Make sure to include the new ejected folders, scripts/ and  config/,  into your Dockerfile and other build processes you might be using that existed outside CRA.

For example, the Dockerfile will have the additions of new directories that CRA created that we also want to copy over.

COPY scripts scripts/
COPY config config/ 
Dockerfile: with new directories

How to Override Webpack MD4 to SHA256

Based on this StackOverflow answer, we add to webpack.config.js right before we start defining module.exports to use the relatively more modern and secure SHA256 instead of MD4 that’s also built into Webpack:

// ... 
const crypto = require("crypto"); 
const crypto_orig_createHash = crypto.createHash; crypto.createHash = algorithm => crypto_orig_createHash(algorithm == "md4" ? "sha256" : algorithm); 
// This is the production and development configuration. 
// It is focused on developer experience, fast rebuilds, and a minimal bundle. 
module.exports = function (webpackEnv) 
// ...
config/webpack.config.js: override MD4 to SHA256 using webpack config

Once you’ve changed this, the envelope errors should disappear and your validation commands should now work for Node 18.

How to Upgrade to the Latest Version of Jest

The eject also exposes the Babel configuration used for making more recent versions of Jest work correctly. This works great for version 26 but moving the CRA config to the latest version (v29 at the time of writing) has a few more steps.

You should go through v26 -> v28 -> v29 (skipping v27) for all the Jest dependencies. This part is optional if you’re happy with CRA v4’s Jest 26, but until you eject, you’re blocked from upgrading to a recent version of Jest.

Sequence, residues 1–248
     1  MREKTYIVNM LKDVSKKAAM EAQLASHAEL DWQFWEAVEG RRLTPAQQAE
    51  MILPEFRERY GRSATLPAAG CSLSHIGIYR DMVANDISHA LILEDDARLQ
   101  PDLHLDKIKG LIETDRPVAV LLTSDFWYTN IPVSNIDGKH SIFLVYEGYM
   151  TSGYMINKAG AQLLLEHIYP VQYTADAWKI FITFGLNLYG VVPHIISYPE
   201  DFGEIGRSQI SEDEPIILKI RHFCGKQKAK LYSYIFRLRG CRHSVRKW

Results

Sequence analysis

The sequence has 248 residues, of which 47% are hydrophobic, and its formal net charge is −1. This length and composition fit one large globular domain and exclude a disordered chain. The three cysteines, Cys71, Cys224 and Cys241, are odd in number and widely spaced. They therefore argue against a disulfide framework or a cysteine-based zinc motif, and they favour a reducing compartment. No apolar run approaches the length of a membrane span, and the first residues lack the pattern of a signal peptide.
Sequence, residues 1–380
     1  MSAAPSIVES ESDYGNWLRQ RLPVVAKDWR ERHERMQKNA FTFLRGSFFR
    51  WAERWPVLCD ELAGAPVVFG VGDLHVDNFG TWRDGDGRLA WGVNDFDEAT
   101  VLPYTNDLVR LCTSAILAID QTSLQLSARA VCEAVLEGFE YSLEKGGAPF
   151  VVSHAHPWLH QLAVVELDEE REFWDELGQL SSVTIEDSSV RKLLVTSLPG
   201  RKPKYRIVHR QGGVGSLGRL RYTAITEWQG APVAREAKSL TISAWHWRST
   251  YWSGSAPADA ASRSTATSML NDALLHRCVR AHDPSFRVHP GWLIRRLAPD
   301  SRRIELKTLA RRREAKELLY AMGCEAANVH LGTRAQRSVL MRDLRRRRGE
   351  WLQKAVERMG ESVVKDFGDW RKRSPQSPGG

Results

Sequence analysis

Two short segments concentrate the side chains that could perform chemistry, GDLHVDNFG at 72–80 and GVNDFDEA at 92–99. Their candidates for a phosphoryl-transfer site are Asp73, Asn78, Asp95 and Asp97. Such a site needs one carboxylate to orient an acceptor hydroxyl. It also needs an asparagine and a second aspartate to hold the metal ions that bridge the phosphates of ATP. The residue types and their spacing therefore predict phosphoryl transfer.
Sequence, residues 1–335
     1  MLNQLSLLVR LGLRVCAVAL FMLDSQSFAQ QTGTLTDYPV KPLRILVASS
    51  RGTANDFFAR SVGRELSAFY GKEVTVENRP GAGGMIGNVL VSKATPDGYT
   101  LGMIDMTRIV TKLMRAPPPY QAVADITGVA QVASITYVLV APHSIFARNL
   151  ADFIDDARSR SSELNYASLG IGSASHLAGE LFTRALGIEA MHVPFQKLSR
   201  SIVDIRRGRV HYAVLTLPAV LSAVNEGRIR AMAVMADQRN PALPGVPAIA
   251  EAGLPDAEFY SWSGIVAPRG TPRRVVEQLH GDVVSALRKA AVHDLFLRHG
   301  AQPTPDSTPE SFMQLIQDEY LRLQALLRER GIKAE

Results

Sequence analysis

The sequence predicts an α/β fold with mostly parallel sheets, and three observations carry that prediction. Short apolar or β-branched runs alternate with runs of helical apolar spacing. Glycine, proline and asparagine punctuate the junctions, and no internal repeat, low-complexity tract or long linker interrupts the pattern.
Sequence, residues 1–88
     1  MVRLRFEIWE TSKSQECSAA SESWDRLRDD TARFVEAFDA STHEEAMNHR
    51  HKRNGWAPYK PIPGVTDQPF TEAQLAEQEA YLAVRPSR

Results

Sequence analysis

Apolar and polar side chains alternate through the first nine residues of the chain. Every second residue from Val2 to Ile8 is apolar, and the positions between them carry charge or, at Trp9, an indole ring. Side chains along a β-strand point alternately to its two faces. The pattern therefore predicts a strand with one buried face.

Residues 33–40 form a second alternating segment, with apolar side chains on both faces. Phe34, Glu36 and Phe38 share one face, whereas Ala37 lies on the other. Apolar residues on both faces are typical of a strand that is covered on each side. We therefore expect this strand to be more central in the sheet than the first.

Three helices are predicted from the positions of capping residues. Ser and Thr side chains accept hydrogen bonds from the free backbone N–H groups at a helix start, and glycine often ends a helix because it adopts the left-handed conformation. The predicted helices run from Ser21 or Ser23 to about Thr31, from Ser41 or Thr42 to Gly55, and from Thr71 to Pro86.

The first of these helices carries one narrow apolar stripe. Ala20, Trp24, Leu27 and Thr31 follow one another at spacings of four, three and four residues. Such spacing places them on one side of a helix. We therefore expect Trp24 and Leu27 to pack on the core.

I’m skipping Jest 27 because it’ll require a change in config/jest/babelTransform.js where you’ll have to change module.exports = babelJest.default.createTransformer({ to module.exports = babelJest.createTransformer({. This was a bug fixed in version 28. Still, if you want to go through Jest 27 as well, you’ll be able to follow the rest of the steps with this change and then optionally reverting it on Jest 28.

I also highly recommend reading the introduction articles for each of the Jest version upgrades:

Most of the issues come from Jest 28 having many breaking changes, but the rest of the upgrade path is fairly straightforward.

How to Bump to Jest 28

For each upgrade, I recommend doing a find and replace for all the many Jest-related packages in your package.json since the version numbers are all synced. Once you update the numbers, just run $ yarn install:

"devDependencies": { 
    "babel-jest": "^28.1.3", 
    "jest": "^28.1.3", 
    "jest-circus": "^28.1.3", 
    "jest-resolve": "^28.1.3", 
package.json: Updating jest packages to version 28.1.3

How to Explicitly Set jsdom as the Test Environment

If you try running your tests out of the box with $ yarn test. It’ll give you this error:

● Validation Error: 
Test environment jest-environment-jsdom cannot be found. 
Make sure the testEnvironment configuration option points to an existing node module. 
Configuration Documentation: 
As of Jest 28 "jest-environment-jsdom" is no longer shipped by default, make sure to install it separately.
yarn test failure due to missing jsdom

In Jest 27, Jest changed the default test environment to be meant for a more lightweight NodeJS backend environment. However, we have a frontend application, so we still want to test with a simulated browser environment that older Jest versions were based off called jsdom.

To fix this, add "jest-environment-jsdom" to your dependencies and then run $ yarn install.

"devDependencies": { 
    "babel-jest": "^28.1.3", 
    "jest": "^28.1.3", 
    "jest-circus": "^28.1.3", 
    "jest-resolve": "^28.1.3", 
    "jest-environment-jsdom": "^28.1.3", 
package.json: adding jsdom support as a jest environment

How to Fix Transformer Return Type for process() and processAsync()

‌‌Now, if you run yarn test, you’ll get this:

FAIL  src/App.test.js 
● Test suite failed to run 
● Invalid return value: `process()` or/and `processAsync()` method of code transformer found at "path/in/my/computer" 
should return an object or a Promise resolving to an object. The object must have `code` property with a string of processed code. 
This error may be caused by a breaking change in Jest 28: Code Transformation Documentation: